The Human Frontier is now available to own as a digital download exclusively from the Big Finish website, priced at just £16.99. The Big Finish App, available for free on Apple and Android devices, makes listening even easier.

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Jack Ryan
Jack (real name John, calls himself Jack as a pun on Tom Clancy’s character) is a reviewer from Wexford, Ireland. An avid fan of sci-fi from five years old, with an unhealthy addiction to Doctor Who for the past thirteen years. His speciality for review is Big Finish audios, which he has had an even greater addiction to for the last six years. Other claims to fame include a Bachelor of Science in Applied Computing, a co-organiser for the WexWorlds Sci-Fi, Fantasy, Horror, and Gaming Festival, regular tweetalongs and riffings of Who every Thursday evening, and once nearly sent Matthew Waterhouse to hospital with a concussion.

1 COMMENT

  1. Thanks for a great review. I love all things Big Finish and Nick Briggs is a legend, his Holmes is superb. However this left me pretty cold for one reason – the characterization. There are always some compromises in a small cast, so I can live with things like a Chief of staff performing neurosurgery, and accept some of the strange roles the characters undertake – that’s the nature of audio drama. However Commander Bailey’s character jarred from the outset. She was so unbelievable as a leader from the outset I couldn’t get into the story. Described as “compassionate and brilliant” she is neither. She’s reckless, selfish, incompetent and narcissistic – she makes Kirk look like a measured, cautious prude.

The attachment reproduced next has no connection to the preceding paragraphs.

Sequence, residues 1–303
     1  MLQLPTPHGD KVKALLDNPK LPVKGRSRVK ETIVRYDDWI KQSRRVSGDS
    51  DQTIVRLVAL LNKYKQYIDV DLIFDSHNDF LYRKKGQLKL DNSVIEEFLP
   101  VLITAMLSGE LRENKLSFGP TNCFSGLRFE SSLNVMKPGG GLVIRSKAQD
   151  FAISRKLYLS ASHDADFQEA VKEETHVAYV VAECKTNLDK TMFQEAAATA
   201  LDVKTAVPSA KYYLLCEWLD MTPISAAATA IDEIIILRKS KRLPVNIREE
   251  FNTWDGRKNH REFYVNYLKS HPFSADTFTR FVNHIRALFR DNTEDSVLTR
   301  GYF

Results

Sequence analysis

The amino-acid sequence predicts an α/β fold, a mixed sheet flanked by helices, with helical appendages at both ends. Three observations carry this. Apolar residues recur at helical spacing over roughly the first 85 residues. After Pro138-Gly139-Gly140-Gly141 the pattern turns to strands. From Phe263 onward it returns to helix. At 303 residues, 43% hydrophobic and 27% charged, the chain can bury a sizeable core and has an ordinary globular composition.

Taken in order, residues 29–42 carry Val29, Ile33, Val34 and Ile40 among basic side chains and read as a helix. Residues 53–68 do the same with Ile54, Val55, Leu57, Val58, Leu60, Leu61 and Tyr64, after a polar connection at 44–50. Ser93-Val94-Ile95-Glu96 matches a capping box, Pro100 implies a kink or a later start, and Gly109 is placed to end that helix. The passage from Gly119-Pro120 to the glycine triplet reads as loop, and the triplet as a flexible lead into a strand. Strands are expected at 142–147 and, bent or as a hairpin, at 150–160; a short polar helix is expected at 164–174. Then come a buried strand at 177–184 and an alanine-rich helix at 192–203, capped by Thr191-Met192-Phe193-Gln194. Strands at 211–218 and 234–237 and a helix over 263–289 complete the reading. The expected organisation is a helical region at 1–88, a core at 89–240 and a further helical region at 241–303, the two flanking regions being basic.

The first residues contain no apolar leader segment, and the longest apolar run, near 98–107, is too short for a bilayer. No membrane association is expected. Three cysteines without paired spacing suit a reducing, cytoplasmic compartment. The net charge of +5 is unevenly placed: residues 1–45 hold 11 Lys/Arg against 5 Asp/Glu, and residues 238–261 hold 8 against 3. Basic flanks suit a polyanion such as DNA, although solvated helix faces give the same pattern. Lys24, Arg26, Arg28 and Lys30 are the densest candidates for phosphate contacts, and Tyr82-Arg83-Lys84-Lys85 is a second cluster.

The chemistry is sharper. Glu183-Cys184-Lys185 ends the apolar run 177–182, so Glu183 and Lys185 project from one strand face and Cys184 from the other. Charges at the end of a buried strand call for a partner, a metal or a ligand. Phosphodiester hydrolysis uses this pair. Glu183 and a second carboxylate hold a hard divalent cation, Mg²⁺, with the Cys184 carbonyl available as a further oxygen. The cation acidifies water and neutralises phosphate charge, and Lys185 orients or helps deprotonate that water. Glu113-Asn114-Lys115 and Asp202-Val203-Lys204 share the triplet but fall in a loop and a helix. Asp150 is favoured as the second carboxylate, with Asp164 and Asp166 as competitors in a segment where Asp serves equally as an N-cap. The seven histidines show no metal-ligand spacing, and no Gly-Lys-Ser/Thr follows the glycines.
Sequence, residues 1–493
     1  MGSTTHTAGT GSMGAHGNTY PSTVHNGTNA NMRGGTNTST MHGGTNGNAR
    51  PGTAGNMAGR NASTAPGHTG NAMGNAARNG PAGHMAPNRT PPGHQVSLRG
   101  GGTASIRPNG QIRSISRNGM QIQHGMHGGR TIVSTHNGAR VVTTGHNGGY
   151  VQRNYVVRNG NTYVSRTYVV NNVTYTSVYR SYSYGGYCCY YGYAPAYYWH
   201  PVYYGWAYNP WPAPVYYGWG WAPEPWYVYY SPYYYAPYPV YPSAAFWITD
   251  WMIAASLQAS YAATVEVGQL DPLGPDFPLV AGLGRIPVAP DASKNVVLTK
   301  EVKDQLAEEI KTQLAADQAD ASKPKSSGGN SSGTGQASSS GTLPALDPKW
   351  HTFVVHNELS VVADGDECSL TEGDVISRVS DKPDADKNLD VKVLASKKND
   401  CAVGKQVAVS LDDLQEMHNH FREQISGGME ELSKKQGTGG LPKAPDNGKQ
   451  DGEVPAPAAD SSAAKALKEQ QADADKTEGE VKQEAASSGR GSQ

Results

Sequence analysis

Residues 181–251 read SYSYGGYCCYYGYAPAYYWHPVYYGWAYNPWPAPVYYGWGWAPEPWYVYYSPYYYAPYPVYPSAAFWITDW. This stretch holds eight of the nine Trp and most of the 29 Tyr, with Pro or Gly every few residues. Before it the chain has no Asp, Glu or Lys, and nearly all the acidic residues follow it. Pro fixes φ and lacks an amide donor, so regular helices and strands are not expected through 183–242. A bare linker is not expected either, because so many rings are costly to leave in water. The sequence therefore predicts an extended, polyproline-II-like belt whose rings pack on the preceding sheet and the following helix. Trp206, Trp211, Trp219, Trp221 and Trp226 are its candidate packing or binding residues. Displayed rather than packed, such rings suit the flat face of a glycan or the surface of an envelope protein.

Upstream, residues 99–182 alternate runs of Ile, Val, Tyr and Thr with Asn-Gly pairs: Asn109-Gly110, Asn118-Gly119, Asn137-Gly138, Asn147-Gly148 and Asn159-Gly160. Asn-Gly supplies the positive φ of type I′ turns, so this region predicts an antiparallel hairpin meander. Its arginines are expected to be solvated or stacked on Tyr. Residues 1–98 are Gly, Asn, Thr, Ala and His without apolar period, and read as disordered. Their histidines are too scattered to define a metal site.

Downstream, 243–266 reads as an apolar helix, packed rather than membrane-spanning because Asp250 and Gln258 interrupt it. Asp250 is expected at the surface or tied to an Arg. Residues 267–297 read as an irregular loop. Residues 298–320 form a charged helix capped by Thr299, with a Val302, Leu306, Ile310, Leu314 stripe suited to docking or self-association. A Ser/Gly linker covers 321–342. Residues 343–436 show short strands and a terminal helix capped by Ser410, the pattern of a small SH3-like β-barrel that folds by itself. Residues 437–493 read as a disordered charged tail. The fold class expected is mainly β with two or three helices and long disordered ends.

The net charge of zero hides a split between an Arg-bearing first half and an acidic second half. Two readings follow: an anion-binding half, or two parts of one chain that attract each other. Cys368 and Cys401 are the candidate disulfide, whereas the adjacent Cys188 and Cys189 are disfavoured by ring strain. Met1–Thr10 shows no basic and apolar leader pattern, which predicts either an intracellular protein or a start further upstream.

Some spoilers….

    It’s beyond belief that the best leader in a group of highly qualified engineers would do any of what she does – from seducing a junior crew member the night before launch, making first planetfall with just herself and her love interest, her emotional abuse of that love interest after the Commander is rescued from the consequences of her own mistakes. No matter how well acted the role is, the Commander who is introduced as a lead early on is so unconvincing that it made it very hard to get into the rest of the story which does raise interesting issues. It’s a good story, but the lack of a character’s actions matching their role was glaring. To me this was a great idea, but that was a big flaw. Don’t get me wrong great cast, good story – but that strong a duff note.